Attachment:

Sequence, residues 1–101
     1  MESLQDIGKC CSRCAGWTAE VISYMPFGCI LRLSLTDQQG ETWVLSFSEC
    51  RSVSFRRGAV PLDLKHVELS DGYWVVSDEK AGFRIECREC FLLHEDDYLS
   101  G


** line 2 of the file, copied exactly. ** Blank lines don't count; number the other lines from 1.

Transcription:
     1  MESLQDIGKC CSRCAGWTAE VISYMPFGCI LRLSLTDQQG ETWVLSFSEC